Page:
One of the popular diet and fitness myths is the concept of meal timing, specifically the idea that you should eat more frequently than the standard breakfast/lunch/dinner that north american society has become accustomed to.
This is a concept borrowed from bodybuilders who followed a ‘bulk and cut’ cycle routine where they would eat massive amounts of calories during their ‘bulking’ phase and then gradually drop their calories for their ‘cut’ phase.
In some cases it could have been necessary to eat 5-6 meals if these guys were trying to eat 5000-6000 calories each day…that would be 1000 calories at each meal…that is quite a bit of food, and it wouldn’t feel too good to try and each that much food in only 3 meals…think about how gross that would be, 2000 calories at breakfast lunch and dinner!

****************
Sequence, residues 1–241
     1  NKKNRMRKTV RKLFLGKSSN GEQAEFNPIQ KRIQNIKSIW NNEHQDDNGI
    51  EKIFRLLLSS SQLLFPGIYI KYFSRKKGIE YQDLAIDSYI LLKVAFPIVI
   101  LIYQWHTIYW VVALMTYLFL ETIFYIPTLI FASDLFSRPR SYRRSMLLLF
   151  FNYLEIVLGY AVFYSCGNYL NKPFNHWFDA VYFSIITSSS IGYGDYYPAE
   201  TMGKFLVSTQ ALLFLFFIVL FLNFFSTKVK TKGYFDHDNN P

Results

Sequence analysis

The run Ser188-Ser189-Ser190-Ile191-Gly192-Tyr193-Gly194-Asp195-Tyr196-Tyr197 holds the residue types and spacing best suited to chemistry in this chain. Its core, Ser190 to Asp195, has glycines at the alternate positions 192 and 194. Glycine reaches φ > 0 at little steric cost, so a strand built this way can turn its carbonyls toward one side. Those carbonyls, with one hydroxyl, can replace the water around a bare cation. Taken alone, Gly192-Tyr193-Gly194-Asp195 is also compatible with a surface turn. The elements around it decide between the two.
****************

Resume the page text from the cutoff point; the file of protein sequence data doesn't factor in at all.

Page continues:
The pseudo scientific claims of ‘insulin control’ and ‘revving up your metabolism’ followed as a reason for eating in this pattern in order to lose weight…but the reality is that the frequency of your meals cannot change your metabolic rate, and it won’t make any difference on your hormone or insulin levels (beyond the effect that changing the total amount of calories would have).
This concept of ‘meal timing’ has been thoroughly investigated in the scientific literature and shown to be completely irrelevant to metabolic rate, weight loss, energy levels, hormonal balance (and just about any other claim that the fitness media drum is still beating)
I go into a much more in depth investigation into this concept in my new weight loss program called “The Anything Goes Diet” that will be coming out tomorrow! AWESOME!
Anyway I’ll be posting some updates this week and more info if you’re interested in picking it up (on sale this week).
This is the diet program I’ve been working on for the past year, and if you been reading my blog for any length of time you might have already heard about this (or at least had an idea that I was writing this thing)
The take home message on meal timing is this:
Eat as many or as few meals as you like as long as your total calories are where you need them to be for your goals (weight maintenance or weight loss).